Around midday of 1st May 1966, a 450,000 cubic metre mudslide swept away the village of Sgorigrad in northern Bulgaria, killing hundreds of people and causing incalculable material and environmental destruction. This mudslide was generated by the collapse of the tailing containment dam where the waste muds from the flotation plant of the Mir-Placalnica mine were stored.
Exploited since ancient times (early records go back to the times of the Thracians and Romans), in 1960 the Mir-Placalnica mine was equipped with a flotation plant in order to extract minerals containing zinc and lead. The containment and decanting of the waste muds thus produced took place inside a tailings dam located in an adjacent valley.
This tailings basin was constructed by damming the valley with an embankment probably made of the sand recovered by means of hydrocyclone centrifugation from the mud waste resulting from mine workings. The stream running on the valley floor was dammed and its water was sent back upstream of the tailings basin. The concrete pipes for discharging the decanted water were placed at the bottom of the valley and the basin and were connected to overflow towers. The retaining wall for damming the torrent, the overflow towers and segments of the pipes are still visible today, together with small amounts of decanted mud, which remained in place.
The dam’s collapse was probably caused by overflow following heavy rains, and owing to the failure of a canal which had been constructed upstream of the tailings dam for diverting the watercourse. On the other hand, failure could have occurred due to water percolation inside the dam coming from a source located inside the basin, or by a combination of both circumstances.
The mudslide ran a distance of about 7 km, destroying most of the village of Sgorigrad, and eventually reaching Vratza, chief town of the district bearing the same name. Vratza’s main square was covered by a 20 cm thick layer of mud.
The bodies of the victims were recovered by helicopter and taken to Vratza’s stadium. Eyewitnesses reported that hundreds of corpses were taken to the stadium and their identification was a particularly difficult task.
The fact that the dam’s collapse occurred around midday of 1st May probably limited the toll of casualties, which was, however, already high. In fact, most of the inhabitants of Sgorigrad had gone to the town centre to take part in the official celebrations of the workers’ feast day.
The communist regime that in those days ruled over Bulgaria tried in all possible ways to stifle the news of this catastrophe. According to some witnesses, police officers did house-to-house searches throughout the area to confiscate all the photographs local residents had taken after the disaster. Officially, the number of lives lost was declared as 107, although several eyewitness referred that the toll of this disaster was much higher.
The Mir-Placalnica mine remained active until 1996. After the failure of the tailings dam overhanging Sgorigrad and Vratza, a second containment basin was constructed on the opposite slope of the mountain.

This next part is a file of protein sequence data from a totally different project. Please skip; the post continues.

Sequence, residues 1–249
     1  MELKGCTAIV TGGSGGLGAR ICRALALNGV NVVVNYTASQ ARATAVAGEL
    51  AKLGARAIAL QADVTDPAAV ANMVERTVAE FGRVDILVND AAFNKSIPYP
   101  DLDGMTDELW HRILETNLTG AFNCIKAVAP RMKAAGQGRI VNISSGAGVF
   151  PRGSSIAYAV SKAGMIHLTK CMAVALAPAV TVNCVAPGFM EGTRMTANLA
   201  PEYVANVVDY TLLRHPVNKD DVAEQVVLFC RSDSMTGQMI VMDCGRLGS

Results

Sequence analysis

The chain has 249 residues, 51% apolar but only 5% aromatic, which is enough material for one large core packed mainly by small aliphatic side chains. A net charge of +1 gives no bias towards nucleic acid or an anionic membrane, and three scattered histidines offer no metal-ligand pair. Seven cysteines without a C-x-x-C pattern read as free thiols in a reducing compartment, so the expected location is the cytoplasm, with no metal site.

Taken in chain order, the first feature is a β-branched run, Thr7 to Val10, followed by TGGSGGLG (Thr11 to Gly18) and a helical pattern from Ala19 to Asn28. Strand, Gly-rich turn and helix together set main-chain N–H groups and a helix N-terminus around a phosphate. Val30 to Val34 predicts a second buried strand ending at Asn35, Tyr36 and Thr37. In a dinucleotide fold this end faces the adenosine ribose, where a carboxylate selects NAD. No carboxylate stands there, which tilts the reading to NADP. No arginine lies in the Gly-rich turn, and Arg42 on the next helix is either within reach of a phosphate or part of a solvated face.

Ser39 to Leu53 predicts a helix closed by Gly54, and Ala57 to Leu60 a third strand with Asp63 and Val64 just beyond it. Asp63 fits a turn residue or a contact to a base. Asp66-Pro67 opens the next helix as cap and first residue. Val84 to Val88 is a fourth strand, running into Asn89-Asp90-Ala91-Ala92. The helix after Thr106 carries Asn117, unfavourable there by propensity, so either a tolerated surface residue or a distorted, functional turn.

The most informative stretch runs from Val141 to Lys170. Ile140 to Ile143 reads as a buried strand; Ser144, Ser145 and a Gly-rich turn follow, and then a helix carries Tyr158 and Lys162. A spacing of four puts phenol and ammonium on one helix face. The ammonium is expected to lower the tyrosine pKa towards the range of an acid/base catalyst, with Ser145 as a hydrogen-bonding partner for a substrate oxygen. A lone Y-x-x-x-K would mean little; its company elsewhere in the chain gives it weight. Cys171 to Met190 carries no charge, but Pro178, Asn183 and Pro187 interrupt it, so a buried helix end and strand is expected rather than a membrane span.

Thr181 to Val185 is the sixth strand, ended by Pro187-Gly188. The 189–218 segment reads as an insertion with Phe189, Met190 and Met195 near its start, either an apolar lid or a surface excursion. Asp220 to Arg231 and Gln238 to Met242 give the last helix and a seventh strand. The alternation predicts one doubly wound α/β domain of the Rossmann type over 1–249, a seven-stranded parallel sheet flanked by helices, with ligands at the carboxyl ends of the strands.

The people of Sgorigrad, whose main source of income came from mining activities, are now trying to develop the natural and landscape resources of the area in order to promote tourism as their principal revenue source.
On the 40th anniversary of the Sgorigrad catastrophe, 1st May 2006, the “Tesero Path” or “Path of the Stava-Sgorigrad Brotherhood” was inaugurated on the mountain overlooking the centres of Sgorigrad and Vratza. This itinerary was carried out by the Sgorigrad Municipality with the support of the Tesero Municipality and the Stava 1985 Foundation.
This path winds along a panoramic way facing the area where the tailings dam serving the Mir-Placalniza mine was located. Several explanatory panels written in Bulgarian, English and Italian provide excursionists with information on the analogies between the Sgorigrad and Stava Valley catastrophes. This path seals the link of solidarity and brotherhood which spontaneously unites the Sgorigrad and Tesero communities, both struck by similar disasters.
In 2008, in response to the proposal of the Stava 1985 Foundation, the Trento office of RAI (Italian Television) produced a short documentary film entitled “The Stava of the Balkans”, whereas the Arca Publisher from Lavis (Trento) published the book “Stava Sgorigrad – Identical disasters”. The film and the book describe in Italian, Bulgarian and English the analogies between the two disasters which are to be counted among the most serious ever occurring worldwide due to the failure of tailings dams.
On the initiative of the Municipalities of Vratza and Sgorigrad, on 1st May 2009, anniversary of the Sgorigrad catastrophe, a monument dedicated to the victims of the 1st May 1966 disaster was unveiled outside the Church of Sgorigrad.
In May 2010, on the anniversary of the Sgorigrad disaster, a square of Sgorigrad was entitled “Tesero Square”.
In 2012, on the anniversary of the Stava disaster, the square in Stava in front of the Foundation Information Centre was named “Sgorigrad Square”. This was done to strengthen the brotherhood between the community of Tesero/Stava and the community of Vratza/Sgorigrad.